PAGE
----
The Student News Site of Tarrant County College

The Collegian

The Student News Site of Tarrant County College

The Collegian

The Student News Site of Tarrant County College

The Collegian

Students discuss last semester’s trials and triumphs

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Firmbee.com @firmbee Scrabble tiles and smartphone.
Firmbee.com
@firmbee
Scrabble tiles and smartphone.

LINDA PUGA
campus editor

The hardest adjustment NE student Lauren Maenza-Oliver faced with the first full online semester of college was easily getting distracted.

Some things that helped her navigate online learning included using a focus app, blasting music through noise canceling headphones and using a color coding system inside of a planner.

Through this past semester, Maenza-Oliver realized how much she missed having an organized routine to produce her best work.

In addition to a lack of focus, she struggled with being tech savvy.

“Before TCC, I had not used a computer for five plus years,” Maenza-Oliver said. “I had gotten better technologically by the time we went fully online, but it has tested my knowledge, patience and also made me more creative in working things out and in reaching out to my people.”

Maenza-Oliver had her hands full with student organizations such as Phi Theta Kappa, Psi Beta and Students in Recovery.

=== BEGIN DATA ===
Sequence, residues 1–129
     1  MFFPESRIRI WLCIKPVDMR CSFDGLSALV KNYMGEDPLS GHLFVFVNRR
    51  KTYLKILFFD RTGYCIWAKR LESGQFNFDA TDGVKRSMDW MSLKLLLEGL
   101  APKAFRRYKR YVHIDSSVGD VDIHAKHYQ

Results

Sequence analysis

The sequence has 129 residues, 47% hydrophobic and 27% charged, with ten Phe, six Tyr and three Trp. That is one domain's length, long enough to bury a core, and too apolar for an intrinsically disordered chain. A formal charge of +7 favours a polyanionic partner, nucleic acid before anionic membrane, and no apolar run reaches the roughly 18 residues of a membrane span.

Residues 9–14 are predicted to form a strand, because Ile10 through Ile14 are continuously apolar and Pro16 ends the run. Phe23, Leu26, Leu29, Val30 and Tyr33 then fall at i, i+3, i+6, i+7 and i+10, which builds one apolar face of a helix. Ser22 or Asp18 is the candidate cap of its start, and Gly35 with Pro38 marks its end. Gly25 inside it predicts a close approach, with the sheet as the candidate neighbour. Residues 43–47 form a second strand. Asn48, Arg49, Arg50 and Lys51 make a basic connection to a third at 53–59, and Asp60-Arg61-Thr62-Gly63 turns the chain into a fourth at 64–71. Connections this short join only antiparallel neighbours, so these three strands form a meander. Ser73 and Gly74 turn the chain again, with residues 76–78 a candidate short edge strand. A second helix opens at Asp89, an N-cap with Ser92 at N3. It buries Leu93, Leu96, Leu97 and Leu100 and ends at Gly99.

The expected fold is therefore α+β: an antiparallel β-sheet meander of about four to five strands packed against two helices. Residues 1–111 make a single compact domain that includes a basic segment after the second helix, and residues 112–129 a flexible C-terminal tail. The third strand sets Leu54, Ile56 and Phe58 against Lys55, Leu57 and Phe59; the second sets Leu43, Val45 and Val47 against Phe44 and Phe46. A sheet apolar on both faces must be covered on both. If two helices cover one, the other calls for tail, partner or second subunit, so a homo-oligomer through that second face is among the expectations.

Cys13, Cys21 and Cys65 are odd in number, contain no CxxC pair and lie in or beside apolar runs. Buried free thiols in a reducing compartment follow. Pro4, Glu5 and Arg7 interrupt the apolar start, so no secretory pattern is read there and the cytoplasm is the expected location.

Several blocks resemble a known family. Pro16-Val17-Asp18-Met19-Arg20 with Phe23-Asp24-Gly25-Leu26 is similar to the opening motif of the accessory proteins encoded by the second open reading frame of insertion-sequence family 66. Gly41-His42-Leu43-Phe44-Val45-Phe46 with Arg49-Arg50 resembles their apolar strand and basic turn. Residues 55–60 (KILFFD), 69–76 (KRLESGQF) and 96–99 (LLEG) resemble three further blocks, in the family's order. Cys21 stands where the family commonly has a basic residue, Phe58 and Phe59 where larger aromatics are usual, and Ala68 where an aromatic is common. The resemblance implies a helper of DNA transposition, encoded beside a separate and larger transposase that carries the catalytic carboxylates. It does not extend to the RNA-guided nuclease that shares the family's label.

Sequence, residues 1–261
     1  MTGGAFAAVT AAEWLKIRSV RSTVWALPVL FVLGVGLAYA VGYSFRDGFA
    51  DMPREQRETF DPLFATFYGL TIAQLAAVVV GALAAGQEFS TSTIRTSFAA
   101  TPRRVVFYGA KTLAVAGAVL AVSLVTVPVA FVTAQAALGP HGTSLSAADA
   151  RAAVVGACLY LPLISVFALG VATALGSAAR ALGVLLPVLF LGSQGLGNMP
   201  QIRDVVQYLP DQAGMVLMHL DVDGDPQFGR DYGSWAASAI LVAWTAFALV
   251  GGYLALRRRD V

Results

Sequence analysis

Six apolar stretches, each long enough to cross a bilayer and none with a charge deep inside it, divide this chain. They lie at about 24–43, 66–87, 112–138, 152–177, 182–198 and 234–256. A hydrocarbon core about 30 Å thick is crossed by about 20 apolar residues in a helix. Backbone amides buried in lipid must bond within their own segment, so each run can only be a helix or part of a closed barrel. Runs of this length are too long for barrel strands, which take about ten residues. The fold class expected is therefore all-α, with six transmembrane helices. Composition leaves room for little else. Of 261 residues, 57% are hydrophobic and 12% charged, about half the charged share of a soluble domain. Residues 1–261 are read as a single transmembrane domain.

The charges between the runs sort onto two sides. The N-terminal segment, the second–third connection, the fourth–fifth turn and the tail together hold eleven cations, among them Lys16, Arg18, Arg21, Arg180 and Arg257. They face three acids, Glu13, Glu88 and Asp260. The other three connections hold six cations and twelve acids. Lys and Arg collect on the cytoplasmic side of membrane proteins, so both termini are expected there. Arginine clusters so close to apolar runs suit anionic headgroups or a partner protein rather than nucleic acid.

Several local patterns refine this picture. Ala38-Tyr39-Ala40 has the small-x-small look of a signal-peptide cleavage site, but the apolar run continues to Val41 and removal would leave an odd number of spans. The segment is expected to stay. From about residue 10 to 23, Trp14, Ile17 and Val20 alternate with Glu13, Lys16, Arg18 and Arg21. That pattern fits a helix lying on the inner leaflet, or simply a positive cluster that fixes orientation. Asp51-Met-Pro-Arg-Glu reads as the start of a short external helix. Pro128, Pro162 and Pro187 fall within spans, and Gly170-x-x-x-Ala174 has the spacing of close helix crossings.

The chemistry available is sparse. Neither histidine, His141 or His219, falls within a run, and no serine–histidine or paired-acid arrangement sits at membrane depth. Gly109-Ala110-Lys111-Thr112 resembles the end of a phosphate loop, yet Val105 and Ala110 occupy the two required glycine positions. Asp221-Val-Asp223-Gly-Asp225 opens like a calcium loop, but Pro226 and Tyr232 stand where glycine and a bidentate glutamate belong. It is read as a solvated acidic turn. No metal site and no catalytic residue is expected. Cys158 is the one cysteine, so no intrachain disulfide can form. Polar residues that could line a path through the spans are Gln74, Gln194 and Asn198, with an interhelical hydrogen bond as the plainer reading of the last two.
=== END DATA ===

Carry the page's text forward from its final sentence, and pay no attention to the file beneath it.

Guiding incoming campus students in New Student Orientations in addition to serving in her community challenged Maenza-Oliver creatively and socially. She worked hard to ensure that student activities could carry on successfully with a new set of students to support.

“I was so ready to finally be a student when I got to TCC that nothing and no one can stop me,” Maenza-Oliver said. “I am driven to finish what I started.”

Like Maenza-Oliver, South student Valerie Vallejo ended the semester feeling stronger than ever.

Vallejo reflected on the fall semester by recognizing how much balance she needed to manage her priorities.

“I got overwhelmed at one point because I didn’t plan out parts of my schedule for the day and I had some meetings that overlapped each other and still had work to do,” Vallejo said.

She struggled the most with understanding how to use all the platforms, completing assignments

and sticking to a schedule of courses and extracurriculars while simultaneously being stuck at home.

I prepared myself for a full online semester by remembering to take time for myself and reach out to my professors with any questions, Vallejo said.

TR student Katie Beard feels the same as she looks back, wishing she spent less time crying and more time being productive alongside taking breaks and spending time outside.

Beard’s biggest academic struggle was her learning style getting in the way of fully being able to understand her coursework.

“Being a kinesthetic learner whilst also learning a visual language online was a massive struggle,” Beard said. “I still feel as though it stunted the progression of my growth in my field.”

As an American Sign Language student and club officer, Beard and her fellow collaborators have also been challenged with the task of finding a platform for events and meetings that offers captions or an option to enlarge a screen in order to fully be inclusive to its members.

Through the downfalls the semester carried, Beard learned more about herself in the midst of it all.

“This year has been a true testimony of growth for me,” Beard said. “Every possible fear I have ever had came to fruition, forcing me to push forward through every personal scar and trail in r to be the human I am today.”

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